Material handling robots: Robots are used in a wide range of applications and come in a variety of designs. Reach distance, payload capacity and the number of axes of travel is defining characteristics of different models. Robots use what’s known as the end of arm tooling (EOAT) to hold and manipulate either a tool or a piece of material.
EOAT: EOAT is itself a major area of a current technological focus, as end-users demand even greater productivity and flexibility from their robotic systems. According to an article in Control Engineering, three of the most consequential current trends include the development of safer grippers that prevent harm to human workers, EOAT connected to the Internet of Things (IoT), and the development of soft grippers that promise to expand the use of robotics in food handling applications.
Improved battery technology: Whereas lead-acid batteries have traditionally been used in material handling automation solutions, newer technologies, such as lithium-ion, are making inroads. Compared to the older technology, lithium-ion offers faster charging times, less maintenance, stable voltage with higher travel and lifting speeds. The higher cost of lithium-ion is currently a barrier to adoption for many potential users. But it seems reasonable to expect those costs to come down as the technology is adopted widely for other uses, such as electric passenger vehicles.
New automation technologies promise additional capabilities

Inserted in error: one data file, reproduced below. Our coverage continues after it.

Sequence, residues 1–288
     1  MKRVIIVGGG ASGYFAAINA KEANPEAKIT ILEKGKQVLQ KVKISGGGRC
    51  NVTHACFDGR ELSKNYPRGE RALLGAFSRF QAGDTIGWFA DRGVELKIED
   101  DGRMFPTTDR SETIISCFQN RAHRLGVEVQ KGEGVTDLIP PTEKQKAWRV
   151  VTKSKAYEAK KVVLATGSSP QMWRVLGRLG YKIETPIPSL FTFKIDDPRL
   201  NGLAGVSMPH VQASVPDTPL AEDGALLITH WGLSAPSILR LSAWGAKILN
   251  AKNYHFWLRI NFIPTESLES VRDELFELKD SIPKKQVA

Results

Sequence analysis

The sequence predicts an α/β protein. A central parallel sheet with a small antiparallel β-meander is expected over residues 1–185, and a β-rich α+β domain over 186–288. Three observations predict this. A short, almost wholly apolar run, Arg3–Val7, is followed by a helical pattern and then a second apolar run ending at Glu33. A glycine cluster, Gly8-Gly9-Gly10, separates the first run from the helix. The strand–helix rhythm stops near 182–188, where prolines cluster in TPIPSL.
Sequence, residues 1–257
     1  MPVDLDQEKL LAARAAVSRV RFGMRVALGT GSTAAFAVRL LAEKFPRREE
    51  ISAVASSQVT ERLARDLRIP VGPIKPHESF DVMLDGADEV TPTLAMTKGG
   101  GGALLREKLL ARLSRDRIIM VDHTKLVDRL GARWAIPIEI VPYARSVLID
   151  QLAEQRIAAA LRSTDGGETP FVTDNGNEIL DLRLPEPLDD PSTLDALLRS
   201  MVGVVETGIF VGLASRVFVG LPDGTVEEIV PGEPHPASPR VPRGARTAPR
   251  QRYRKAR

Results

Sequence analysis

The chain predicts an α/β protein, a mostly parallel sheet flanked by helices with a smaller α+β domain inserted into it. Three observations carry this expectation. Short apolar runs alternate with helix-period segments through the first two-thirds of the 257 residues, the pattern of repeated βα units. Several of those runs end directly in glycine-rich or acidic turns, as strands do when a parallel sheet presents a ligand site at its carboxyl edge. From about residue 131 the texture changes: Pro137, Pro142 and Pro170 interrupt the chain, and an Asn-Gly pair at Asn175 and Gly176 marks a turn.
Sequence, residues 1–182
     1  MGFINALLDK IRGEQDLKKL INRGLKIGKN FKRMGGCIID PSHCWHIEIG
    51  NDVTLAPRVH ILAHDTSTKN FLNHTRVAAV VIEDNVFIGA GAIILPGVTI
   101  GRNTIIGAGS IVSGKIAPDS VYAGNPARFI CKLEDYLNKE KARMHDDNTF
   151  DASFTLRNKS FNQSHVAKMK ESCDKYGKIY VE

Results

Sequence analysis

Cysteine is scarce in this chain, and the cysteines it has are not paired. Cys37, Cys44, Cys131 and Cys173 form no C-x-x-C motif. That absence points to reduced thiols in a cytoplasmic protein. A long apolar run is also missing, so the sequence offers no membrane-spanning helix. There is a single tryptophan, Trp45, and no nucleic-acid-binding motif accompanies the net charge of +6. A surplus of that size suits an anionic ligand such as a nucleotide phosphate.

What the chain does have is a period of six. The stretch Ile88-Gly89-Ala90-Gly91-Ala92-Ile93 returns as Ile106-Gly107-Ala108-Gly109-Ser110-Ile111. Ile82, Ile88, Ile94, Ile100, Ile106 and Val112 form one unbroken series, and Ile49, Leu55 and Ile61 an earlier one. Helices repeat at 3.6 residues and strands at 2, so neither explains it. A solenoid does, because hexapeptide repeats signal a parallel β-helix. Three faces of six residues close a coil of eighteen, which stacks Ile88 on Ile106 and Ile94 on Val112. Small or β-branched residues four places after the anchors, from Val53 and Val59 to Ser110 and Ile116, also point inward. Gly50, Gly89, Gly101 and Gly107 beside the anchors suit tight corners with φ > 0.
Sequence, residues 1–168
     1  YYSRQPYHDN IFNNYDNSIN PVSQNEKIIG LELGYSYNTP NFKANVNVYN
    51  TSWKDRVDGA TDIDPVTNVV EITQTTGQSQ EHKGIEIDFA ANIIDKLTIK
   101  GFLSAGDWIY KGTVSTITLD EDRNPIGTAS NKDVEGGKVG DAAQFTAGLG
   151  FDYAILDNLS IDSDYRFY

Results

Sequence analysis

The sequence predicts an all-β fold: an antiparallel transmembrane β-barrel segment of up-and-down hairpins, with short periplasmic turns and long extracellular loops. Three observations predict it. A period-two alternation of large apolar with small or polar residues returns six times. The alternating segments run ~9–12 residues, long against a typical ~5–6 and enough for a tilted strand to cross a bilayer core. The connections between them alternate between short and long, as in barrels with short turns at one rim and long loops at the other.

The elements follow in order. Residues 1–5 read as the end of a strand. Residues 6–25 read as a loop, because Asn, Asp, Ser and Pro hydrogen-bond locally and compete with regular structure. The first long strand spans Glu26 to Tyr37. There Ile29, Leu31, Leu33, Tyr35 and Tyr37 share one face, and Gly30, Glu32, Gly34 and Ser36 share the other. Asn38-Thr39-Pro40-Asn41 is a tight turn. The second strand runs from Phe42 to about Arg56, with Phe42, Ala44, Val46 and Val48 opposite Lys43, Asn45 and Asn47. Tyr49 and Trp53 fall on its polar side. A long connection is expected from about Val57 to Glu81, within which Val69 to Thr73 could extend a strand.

Fact is, automated and robotic systems are getting even more and more powerful, enhanced by additional technologies such as the IoT and machine learning. In this “Fourth Industrial Revolution,” handling systems will handle not only the labor, but decision making, troubleshooting and process improvements, all without human involvement.
This is not to say that there will no longer be roles for humans in these industries. On the contrary, the worker of tomorrow will need new skill sets as he or she walks in (or logs in) to the factory or warehouse. Increasingly, these workplaces are looking for people such as technicians, software and mechanical engineers and skilled operators who can oversee this new and rapidly evolving automated machinery.
Industrial material handling is being transformed by automated machinery. Tasks — sometimes dangerous or difficult tasks — once handled by humans, are now the province of mobile or stationary machinery running off programming. Increasingly, this machinery is using sensors and other technologies to work with even greater precision and autonomy.